Performance-wise it is not very good, about 2.5-3x times slower than libavcodec one without SIMD optimisations on random BaidUTube 720p videos but I’ve not tried to make it the fastest one and prefer clarity over micro-optimisations. But this still has a lot of optimisation potential as the title says. I suspect that even simply making motion interpolation functions work on constant-size blocks would make it significantly faster let alone adding SIMD. In either case it is fast enough to decode 720p in 2x realtime on my laptop so if I ever finish a proper video player I can use it to watch content beside game cutscenes and few exotic files.

As for the features it’s limited but it should be able to play the conventional files just fine plus some limited subset of High profile (just 8-bit 4:2:0 YUV without custom scaling lists). A lot of features that I don’t care about were ignored (proper loop filtering across the slice edges—nope, weighted prediction—maybe later, high-bitdepth or different chroma subsampling format support—quite unlikely, interlaced formats—no in principle).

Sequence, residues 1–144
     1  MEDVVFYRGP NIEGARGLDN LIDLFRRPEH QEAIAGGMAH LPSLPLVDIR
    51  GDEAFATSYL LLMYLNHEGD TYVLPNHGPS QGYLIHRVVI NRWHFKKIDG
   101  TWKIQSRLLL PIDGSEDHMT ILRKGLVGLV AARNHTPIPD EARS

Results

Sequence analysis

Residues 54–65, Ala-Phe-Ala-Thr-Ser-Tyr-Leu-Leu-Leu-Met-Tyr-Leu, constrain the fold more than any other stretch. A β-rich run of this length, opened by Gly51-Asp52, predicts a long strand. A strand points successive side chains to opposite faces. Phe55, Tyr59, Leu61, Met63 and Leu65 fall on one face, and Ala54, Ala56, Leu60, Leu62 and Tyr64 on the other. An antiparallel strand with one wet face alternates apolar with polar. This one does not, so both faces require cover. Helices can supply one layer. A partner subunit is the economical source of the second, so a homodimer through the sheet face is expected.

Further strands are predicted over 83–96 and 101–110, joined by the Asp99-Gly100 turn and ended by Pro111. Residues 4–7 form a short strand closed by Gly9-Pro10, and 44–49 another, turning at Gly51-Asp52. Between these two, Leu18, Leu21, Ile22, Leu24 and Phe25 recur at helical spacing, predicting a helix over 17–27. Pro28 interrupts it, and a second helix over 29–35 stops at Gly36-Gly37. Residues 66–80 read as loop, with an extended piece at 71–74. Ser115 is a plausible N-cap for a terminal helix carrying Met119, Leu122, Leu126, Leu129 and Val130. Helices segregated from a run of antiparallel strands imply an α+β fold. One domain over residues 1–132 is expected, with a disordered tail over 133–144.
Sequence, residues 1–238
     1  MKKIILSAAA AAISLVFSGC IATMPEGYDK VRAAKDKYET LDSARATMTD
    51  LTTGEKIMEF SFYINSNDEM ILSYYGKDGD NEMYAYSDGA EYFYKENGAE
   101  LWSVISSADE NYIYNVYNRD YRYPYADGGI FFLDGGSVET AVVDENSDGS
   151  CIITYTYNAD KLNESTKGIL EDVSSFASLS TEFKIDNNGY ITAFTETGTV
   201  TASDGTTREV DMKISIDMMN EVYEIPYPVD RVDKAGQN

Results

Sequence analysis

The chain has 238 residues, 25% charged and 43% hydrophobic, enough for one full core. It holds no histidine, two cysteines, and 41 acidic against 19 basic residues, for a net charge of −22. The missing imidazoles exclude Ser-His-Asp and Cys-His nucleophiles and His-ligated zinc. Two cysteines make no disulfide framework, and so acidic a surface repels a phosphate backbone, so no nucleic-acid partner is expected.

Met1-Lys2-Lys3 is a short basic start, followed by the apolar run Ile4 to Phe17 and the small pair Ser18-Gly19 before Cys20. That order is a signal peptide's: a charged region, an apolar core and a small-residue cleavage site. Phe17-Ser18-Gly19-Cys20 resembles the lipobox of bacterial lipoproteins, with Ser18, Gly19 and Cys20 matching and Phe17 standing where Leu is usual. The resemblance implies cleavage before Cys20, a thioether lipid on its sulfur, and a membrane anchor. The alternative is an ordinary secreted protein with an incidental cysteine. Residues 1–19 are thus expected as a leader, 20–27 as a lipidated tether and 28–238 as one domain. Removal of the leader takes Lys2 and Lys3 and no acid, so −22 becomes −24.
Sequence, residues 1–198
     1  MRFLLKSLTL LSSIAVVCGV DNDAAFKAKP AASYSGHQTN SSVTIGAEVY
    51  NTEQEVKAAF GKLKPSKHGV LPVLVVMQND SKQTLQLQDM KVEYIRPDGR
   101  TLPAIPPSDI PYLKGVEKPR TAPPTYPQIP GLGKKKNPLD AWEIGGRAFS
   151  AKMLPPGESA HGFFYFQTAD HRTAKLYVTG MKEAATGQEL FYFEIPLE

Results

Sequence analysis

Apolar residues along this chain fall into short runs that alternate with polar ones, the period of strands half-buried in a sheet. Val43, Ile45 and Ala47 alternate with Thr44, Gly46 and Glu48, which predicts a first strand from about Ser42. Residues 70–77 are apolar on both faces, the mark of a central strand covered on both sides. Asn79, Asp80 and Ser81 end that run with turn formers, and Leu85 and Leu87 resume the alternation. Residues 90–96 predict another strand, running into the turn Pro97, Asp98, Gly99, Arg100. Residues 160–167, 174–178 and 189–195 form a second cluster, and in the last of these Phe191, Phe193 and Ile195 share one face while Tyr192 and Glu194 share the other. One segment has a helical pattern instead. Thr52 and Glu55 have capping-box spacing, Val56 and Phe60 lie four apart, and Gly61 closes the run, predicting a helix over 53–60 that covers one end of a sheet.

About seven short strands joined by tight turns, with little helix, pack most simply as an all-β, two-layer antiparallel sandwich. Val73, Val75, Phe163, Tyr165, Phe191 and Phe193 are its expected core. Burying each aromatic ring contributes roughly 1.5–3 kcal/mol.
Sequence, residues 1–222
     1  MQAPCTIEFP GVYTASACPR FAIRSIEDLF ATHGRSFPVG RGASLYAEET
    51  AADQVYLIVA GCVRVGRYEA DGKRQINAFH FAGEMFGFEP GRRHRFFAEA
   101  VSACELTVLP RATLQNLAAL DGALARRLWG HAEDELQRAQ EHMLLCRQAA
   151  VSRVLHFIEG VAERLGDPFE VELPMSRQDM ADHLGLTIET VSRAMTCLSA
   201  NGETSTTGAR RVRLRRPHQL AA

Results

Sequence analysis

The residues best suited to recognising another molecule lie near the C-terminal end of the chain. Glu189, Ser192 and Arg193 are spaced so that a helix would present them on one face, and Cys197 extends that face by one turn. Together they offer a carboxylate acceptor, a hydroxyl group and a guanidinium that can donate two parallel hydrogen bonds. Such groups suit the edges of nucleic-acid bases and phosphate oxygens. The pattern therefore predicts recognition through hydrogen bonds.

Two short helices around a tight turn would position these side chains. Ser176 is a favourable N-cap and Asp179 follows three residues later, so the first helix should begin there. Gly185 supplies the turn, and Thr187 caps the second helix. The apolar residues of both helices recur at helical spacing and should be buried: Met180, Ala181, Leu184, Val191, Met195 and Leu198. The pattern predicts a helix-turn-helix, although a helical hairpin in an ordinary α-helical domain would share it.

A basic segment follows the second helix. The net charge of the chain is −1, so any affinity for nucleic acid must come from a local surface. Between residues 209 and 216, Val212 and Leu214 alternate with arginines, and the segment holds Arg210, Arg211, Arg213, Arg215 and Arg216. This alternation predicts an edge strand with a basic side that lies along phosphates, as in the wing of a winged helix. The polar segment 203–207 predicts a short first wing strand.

While developing that decoder I also got better knowledge of H.264 internals for which I’m not that grateful but that’s to be expected from a codec designed by a committee with features being added to it afterwards.

In either case hopefully I’ll not be that bored to do optimisations unless I have to, so the potential will remain the potential and I’ll do some more interesting stuff instead. And there’s always Settlers II as the ultimate time consumer 😉

Hamburger as the symbol of modern IT terminology

Wednesday, November 25th, 2020

As anybody knows, this American dish of non-American origin is named after Hamburger Frikadelle which means (minced meat) patty from Hamburg. And because Americans are known for their deep knowledge of other languages somebody decided that the first syllable is a separate word so the words like cheeseburger and simply burger were born (you can call it the American wasei-eigo if you like). Anyway, the same process of maiming words and giving them new meaning happens in IT as well, irritating those few who still remember the original word and its meaning.
(more…)